Alvin S. Johnson

Alvin S. Johnson,       
Economist and President,      
New School for Social Research       
New York, NY      

Storage and Stability

Foreword (1937)

THIS study of the problem of surplus and unstable prices leads to the proposal that an excess supply of primary commodities be impounded on a composite basis, and that currency be issued backed by and convertible into the stored commodity units. The plan for basing money upon a store of stable commodities is frankly an invention. This would have been sufficient to condemn it in the prewar sound-money epoch. Most economists and solid citizens of that epoch were firmly convinced that no improvements could be made upon the Golden Rule or the Gold Standard. The most daring practical innovation of that time was the gold exchange standard, prescribed in desperate cases by good Doctor Kemmerer; the boldest theoretical venture was Irving Fisher's compensated or stabilized dollar.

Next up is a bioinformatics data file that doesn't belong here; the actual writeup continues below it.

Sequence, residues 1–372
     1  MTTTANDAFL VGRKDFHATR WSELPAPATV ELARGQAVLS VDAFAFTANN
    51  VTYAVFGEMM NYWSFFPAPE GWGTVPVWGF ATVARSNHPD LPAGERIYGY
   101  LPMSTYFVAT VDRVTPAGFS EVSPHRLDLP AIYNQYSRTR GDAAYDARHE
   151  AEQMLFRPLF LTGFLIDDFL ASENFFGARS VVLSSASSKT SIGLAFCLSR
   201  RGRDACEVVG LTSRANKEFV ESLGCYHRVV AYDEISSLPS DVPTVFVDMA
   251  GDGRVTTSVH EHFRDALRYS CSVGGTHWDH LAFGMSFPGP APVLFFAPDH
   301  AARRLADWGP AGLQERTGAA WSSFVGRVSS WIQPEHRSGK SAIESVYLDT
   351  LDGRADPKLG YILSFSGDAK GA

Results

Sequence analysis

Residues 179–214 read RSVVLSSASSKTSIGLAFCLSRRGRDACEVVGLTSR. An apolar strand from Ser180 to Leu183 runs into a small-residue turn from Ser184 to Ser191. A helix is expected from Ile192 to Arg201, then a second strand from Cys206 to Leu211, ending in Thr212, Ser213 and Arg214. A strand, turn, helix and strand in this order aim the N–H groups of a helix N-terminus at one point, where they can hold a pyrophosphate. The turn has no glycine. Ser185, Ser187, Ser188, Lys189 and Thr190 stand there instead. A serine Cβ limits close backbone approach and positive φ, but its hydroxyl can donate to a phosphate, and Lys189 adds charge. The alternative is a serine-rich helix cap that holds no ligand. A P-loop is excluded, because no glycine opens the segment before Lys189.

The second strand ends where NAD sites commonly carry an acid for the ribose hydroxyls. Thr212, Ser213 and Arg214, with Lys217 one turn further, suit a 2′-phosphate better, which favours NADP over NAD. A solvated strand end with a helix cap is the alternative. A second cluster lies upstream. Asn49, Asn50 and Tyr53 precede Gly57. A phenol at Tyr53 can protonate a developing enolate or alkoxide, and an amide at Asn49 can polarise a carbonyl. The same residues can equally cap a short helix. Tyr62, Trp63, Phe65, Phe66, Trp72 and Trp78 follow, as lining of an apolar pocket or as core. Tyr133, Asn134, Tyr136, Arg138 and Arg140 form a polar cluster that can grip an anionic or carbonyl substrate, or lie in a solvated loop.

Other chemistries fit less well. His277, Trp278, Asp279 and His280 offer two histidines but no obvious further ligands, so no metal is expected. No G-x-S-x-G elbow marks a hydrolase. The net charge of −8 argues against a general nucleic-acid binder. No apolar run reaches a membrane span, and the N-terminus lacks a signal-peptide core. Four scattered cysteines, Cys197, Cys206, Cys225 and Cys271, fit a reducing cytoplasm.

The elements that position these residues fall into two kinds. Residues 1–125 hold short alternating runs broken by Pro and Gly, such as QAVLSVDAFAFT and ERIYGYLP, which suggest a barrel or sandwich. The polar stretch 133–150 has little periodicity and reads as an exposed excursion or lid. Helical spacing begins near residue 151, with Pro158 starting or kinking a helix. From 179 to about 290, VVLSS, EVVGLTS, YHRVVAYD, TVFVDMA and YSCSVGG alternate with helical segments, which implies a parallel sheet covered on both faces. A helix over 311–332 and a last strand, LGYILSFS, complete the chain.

Today we are living in the midst of monetary inventions. The pound sterling, the franc, the mark are pure inventions. The mark, indeed, is a whole nest full of inventions: blocked marks, tourist marks, export marks, propaganda marks, and whatever else conscripted financial ingenuity may devise. Our American dollar is an invention: paper backed ultimately by gold, which no one can get at except by consent of a government which has no intention of consenting.

All these inventions have one feature in common to distinguish them from the standard money of an earlier time. Their value and their stability depend upon the wills of men, mortal men, more certainly consistent than the rest of us. The dollar, the pound, the mark, the franc could be given a higher or lower purchasing power by administrative fiat. The financial authorities who bear this responsibility mean honestly to hold the value of money to a fairly definite level, but muscles tire and nerves falter. One may compare their case to that of a Los Angeles crank, picked up as an anarchist because he had constructed a bomb. He declared indignantly that he was not an anarchist but an inventor, inventor of a wholly new type of bomb. Every other kind of bomb, he said, depended on a trigger device that would have to be pulled or otherwise disturbed to set the bomb off. His bomb had three triggers, and you had to hold them all back with all your strength, if they were not to go off on their own account. Schacht has just such an invention on his hands.